Review by Sean Boelman
The unexpectedly decade-long franchise based on the 2003 horror flick Wrong Turn isn’t known for particularly high quality, hence the surprise of most when it turned out that the 2021 reboot is a legitimately entertaining addition to the genre. Sharing the title and Appalachian setting but not much else with the series, this is the type of brutal but not overly cheap film that horror fans didn’t know they wanted.
Alan McElroy, who also wrote the original movie, penned this new script that also has a “characters by” credit for himself. Following a group of friends who get lost hiking on the Appalachian Trail and find themselves at odds with a ritualistic community, the film eliminates the cannibal threat that defined the other six entries.
Instead, the movie takes an approach that is much more reminiscent of something like Saw — a series of gruesome and creative traps resulting in some truly inspired death scenes. It may not be much more original than what the premise that kickstarted the series had to offer, but it’s executed much more effectively.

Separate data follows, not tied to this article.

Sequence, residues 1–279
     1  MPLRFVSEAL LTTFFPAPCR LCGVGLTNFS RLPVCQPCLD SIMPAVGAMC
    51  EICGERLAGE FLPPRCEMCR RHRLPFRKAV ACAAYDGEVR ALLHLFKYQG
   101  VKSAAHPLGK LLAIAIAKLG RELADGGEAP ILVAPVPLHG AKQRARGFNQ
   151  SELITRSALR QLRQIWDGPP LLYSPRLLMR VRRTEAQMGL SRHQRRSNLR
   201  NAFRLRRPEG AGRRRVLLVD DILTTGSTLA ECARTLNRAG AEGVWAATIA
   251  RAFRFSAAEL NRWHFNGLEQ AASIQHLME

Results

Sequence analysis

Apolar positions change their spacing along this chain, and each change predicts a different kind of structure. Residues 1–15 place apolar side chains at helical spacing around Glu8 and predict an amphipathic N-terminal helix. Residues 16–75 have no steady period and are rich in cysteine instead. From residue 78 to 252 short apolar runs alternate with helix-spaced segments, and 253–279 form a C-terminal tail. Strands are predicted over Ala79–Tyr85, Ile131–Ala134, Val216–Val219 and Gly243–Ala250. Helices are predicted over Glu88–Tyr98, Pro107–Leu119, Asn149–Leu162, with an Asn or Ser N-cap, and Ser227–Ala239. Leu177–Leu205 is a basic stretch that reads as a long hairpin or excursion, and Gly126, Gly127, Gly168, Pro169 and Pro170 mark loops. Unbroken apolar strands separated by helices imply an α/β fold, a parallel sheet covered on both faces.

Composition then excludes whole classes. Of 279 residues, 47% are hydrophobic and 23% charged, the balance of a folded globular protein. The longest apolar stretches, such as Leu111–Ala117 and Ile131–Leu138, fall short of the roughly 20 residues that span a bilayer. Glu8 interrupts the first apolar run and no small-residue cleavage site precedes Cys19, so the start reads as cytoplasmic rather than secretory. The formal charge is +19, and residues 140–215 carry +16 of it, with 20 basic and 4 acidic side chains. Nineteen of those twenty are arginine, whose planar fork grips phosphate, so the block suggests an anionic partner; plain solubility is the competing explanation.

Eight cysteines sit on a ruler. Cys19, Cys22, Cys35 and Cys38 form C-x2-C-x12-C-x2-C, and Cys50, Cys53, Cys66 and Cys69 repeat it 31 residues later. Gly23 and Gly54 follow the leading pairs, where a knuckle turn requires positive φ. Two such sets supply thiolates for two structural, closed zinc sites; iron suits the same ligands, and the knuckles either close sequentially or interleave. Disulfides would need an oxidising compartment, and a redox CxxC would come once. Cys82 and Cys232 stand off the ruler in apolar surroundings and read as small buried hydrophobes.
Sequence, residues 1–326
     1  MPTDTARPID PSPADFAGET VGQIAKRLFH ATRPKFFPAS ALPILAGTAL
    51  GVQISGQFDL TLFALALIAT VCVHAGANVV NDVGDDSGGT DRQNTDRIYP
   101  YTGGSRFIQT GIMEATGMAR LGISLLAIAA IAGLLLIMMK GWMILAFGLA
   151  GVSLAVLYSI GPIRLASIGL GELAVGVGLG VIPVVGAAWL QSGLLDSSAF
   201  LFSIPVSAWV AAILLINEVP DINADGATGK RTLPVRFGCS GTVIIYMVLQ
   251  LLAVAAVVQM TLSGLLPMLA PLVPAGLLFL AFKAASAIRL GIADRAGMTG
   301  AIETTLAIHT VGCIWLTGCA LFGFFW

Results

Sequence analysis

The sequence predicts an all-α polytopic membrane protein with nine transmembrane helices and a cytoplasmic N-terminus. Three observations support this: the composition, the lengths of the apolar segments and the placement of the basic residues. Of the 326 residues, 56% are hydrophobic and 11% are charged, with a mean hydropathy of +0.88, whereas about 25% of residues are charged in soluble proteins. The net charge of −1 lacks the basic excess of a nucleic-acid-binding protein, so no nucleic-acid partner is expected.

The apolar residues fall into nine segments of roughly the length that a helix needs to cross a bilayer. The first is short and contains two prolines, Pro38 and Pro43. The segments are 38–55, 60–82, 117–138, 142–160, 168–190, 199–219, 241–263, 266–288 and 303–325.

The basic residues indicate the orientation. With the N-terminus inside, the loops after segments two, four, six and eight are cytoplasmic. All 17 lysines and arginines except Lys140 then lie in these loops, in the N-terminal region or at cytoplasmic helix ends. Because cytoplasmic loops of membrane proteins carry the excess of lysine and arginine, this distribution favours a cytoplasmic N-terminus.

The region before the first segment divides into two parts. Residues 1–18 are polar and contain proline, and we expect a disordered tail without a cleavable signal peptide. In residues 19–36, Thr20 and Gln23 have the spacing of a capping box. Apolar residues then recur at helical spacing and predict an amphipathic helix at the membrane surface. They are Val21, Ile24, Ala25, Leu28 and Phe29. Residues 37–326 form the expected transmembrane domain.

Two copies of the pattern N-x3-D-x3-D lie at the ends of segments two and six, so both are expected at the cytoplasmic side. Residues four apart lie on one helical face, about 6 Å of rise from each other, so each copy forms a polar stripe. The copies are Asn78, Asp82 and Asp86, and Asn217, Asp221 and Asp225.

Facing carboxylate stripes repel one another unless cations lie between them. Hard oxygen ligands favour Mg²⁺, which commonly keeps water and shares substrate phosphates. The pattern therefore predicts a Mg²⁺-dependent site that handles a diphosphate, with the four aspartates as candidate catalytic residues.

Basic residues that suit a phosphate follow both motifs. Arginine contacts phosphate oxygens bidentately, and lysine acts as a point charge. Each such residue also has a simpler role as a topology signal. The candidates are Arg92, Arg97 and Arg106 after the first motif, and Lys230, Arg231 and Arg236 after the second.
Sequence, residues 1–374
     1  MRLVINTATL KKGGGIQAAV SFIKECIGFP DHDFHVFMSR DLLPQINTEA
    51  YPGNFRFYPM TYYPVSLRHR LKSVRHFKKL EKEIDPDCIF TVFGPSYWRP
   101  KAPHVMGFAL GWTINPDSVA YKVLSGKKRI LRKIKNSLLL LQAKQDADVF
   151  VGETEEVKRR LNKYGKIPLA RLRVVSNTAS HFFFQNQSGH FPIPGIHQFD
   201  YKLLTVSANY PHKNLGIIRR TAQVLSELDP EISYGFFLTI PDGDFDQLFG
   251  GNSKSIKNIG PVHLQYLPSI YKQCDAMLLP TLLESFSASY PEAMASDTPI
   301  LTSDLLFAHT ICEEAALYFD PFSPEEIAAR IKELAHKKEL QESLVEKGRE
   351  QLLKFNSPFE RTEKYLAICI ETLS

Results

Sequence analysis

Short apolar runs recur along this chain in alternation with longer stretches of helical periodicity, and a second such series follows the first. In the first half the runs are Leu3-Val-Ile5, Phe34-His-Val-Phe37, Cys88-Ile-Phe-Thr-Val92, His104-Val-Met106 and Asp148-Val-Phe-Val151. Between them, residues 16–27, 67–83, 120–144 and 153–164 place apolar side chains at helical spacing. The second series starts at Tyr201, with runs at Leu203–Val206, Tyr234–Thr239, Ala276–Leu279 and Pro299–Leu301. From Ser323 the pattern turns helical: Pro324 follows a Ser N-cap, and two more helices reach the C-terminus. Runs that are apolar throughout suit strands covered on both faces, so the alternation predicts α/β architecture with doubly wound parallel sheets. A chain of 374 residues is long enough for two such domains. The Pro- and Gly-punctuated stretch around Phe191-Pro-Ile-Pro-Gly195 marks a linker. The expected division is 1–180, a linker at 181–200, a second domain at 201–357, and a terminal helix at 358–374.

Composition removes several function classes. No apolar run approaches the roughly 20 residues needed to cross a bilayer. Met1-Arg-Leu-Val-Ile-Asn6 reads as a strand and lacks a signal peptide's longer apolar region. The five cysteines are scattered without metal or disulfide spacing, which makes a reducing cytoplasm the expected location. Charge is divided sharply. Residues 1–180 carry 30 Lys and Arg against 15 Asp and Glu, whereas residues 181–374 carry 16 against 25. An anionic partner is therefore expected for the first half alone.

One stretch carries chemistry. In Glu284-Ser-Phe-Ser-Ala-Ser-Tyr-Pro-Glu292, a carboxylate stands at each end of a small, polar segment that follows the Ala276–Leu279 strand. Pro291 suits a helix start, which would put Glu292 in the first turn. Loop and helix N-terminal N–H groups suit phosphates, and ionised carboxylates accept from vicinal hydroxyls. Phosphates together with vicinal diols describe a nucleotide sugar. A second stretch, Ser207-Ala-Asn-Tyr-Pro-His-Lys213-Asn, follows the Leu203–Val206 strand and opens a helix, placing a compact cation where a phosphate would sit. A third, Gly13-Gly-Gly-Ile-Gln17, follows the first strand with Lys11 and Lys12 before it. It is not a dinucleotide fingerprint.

It’s also interesting to see this film have a lot more substance than one would expect from a B-movie horror flick. There is obviously the clear didactic message, but what really stands out is the way in which it explores the idea of barbarism and how society has arguably become less evolved despite its development.
Perhaps the best thing that this film has to offer is its world-building. This takes the series in a very different direction and while this does work well as a one-off, it would be interesting to see some of the mythology of The Foundation explored and expanded upon. However, the potential is also there for this to turn into yet another derivative franchise.
The acting in the movie is also surprisingly strong. Bill Sage gives an enjoyably unhinged performance as the antagonistic cult leader. It’s a big performance in many ways, but it’s never so over the top as to go into caricature territory. Charlotte Vega is also very good, giving a strong turn as the final girl.
There are also some really interesting technical aspects in play here. Although the gore shots don’t last very long, they are disturbing despite their brevity. Some of the deaths happen so quickly and unexpectedly that they have an undeniable visceral impact that a lot of shock factor horror films have failed to achieve recently.
This new take on Wrong Turn shouldn’t be underestimated just because of the series’s bad reputation. This is an unexpectedly well-crafted horror movie with some genuinely great moments that will be etched into viewers’ memory for quite a while.
Wrong Turn hits VOD and DVD on February 23.